CENVAT Credit Rules
CENVAT Credit Rules
Service providers or manufacturers who collect and remit tax from their customers are also service receivers and procurers who pay tax to other service providers or manufacturers, themselves. For instance, a software development company which collects and remits service tax on its billing also pays service tax on services availed by the company like telephone charges, security charges, consultation charges and more. If a mechanism for CENVAT credit is not available, then the tax on tax has a cascading effect – ultimately increasing the final charge of the service too high. To avoid this effect, the Government allows service providers and manufacturers to take credit of tax paid for the services or products purchased for manufacturing or providing service.
History of CENVAT
CENVAT stands for Central Value Added Tax. CENVAT Credit Rules, 2004 was introduced to allow both manufacturers and service providers to take input credit on goods and services apart from capital goods. Prior to the introduction of CENVAT, credit for VAT was provided under the MODVAT regimen and with the introduction of Service Tax Credit Rules, 2002, credit was provided for service tax paid by service providers. The CENVAT Credit Rules were introduced in 2004 to to unify and merge the provisions thereby allowing cross sectorial availment and utilization of credit. Thus the scope of CENVAT Scheme has been enlarged to include credit not only to a manufacturer in respect of inputs and capital goods but also to cover the service providers. Hence, under the CENVAT regimen, even the output service providers are allowed the benefit of credit of duty paid on inputs and capital goods along with service tax credit on input services used by them for providing any taxable output service.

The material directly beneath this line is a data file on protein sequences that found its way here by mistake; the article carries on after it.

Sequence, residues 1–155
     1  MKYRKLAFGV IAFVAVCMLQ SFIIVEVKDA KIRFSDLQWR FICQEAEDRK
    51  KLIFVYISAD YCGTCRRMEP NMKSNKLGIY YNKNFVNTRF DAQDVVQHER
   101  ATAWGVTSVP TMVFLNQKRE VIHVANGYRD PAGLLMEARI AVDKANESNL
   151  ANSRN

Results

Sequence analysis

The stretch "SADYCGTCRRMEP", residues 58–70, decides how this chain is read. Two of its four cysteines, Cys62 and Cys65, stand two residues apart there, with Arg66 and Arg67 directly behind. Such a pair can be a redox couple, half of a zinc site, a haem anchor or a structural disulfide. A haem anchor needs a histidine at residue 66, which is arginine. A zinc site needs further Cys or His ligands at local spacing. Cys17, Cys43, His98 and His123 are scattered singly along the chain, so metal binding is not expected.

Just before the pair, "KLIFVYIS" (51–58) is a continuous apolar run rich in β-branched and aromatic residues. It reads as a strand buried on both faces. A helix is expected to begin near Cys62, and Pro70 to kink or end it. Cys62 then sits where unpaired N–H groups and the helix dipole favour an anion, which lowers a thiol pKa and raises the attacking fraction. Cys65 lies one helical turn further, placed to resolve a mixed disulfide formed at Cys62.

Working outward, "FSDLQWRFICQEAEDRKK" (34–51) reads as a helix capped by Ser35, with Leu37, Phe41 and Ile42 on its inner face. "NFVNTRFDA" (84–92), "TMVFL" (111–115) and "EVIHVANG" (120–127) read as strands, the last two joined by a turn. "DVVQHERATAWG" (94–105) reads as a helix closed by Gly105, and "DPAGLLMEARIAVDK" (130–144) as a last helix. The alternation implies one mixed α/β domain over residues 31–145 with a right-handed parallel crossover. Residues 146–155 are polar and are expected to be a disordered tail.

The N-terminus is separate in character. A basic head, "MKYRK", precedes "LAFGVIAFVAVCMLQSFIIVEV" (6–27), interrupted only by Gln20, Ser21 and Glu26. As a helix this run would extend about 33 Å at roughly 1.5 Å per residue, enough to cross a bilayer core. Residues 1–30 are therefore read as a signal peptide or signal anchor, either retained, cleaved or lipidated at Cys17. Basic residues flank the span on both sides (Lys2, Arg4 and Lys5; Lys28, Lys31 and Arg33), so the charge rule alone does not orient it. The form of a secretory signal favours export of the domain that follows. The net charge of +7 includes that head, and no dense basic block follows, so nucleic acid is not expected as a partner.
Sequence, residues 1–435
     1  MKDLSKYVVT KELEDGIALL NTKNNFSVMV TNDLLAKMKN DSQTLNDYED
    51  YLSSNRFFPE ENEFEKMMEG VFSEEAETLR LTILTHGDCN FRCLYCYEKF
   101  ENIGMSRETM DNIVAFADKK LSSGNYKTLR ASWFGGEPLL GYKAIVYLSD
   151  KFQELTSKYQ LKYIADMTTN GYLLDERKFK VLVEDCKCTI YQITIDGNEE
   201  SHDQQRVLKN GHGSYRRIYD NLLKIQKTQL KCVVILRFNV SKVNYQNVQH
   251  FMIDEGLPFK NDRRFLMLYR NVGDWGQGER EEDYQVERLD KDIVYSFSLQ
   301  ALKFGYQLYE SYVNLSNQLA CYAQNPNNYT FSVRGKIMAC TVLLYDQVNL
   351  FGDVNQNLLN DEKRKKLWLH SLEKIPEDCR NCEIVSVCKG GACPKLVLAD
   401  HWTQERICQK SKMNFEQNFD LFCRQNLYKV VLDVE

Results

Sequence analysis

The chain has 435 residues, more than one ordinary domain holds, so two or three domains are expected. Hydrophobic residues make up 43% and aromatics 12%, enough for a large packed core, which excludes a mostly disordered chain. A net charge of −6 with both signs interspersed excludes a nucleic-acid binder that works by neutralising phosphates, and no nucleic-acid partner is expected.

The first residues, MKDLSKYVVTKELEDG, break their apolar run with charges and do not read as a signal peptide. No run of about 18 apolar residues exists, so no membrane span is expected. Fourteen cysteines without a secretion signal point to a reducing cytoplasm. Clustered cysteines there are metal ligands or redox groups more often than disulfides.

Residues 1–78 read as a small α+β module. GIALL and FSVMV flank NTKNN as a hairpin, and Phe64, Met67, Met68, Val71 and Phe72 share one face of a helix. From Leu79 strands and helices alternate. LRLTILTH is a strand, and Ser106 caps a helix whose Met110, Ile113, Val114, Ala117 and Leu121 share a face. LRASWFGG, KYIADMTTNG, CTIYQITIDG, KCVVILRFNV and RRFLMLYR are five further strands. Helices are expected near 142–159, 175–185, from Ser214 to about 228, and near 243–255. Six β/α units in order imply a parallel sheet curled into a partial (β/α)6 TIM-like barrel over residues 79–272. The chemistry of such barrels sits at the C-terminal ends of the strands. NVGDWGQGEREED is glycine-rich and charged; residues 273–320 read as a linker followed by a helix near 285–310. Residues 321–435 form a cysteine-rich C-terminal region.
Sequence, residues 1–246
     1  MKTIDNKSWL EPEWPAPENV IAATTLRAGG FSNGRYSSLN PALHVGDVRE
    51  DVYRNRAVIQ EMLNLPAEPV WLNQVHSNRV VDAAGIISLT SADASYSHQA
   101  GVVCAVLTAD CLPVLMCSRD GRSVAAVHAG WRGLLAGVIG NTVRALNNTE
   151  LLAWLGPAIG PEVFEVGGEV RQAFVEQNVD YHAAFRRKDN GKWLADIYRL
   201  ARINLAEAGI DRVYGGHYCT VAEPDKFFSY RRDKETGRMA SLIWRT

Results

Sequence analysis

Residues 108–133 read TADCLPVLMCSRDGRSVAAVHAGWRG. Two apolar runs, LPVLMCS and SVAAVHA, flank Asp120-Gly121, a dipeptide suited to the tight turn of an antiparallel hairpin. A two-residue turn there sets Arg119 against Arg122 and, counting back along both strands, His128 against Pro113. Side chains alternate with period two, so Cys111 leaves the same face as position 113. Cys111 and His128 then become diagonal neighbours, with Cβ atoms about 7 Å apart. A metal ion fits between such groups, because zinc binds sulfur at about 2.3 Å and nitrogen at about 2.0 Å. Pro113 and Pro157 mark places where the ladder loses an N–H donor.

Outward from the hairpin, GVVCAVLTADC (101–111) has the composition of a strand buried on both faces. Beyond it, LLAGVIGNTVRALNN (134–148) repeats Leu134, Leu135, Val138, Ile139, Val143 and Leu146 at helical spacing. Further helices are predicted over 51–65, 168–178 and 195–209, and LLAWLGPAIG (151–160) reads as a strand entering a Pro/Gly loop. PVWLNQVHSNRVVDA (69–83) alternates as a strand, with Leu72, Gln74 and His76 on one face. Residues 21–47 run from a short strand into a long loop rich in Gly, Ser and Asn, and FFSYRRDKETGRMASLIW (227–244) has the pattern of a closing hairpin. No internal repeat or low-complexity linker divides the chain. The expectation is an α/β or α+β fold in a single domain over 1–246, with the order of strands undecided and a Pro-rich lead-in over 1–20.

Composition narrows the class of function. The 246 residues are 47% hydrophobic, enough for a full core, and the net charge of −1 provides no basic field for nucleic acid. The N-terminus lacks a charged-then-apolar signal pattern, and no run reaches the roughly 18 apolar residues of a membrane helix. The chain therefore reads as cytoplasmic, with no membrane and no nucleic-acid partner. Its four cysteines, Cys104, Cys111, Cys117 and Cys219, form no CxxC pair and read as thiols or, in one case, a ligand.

The CENVAT scheme provides credit for service providers and manufacturers. Thus, as per the scheme, an input which is eligible for credit has been defined by the CENVAT Credit Rules as:
- All goods used in the factory by the manufacturer of the final product; or
- Any goods including accessories, cleared along with the final product, the value of which is included in the value of the final product and goods used for providing free warranty for final products; or
- All goods used for generation of electricity or steam for captive use; or
- All goods used for providing any output service;
The following are not termed as CENVAT input as per the CENVAT Credit Rules, 2004:
- Light diesel oil, high speed diesel oil or motor spirit, commonly known as petrol;
- Any goods used for:
- Construction or execution of works contract of a building or a civil structure or a part thereof;
- Laying of foundation or making of structures for support of capital goods, except for the provision of service portion in the execution of a works contract or construction service;
- Capital goods except when used as parts or components in the manufacture of a final product;
- Motor vehicles;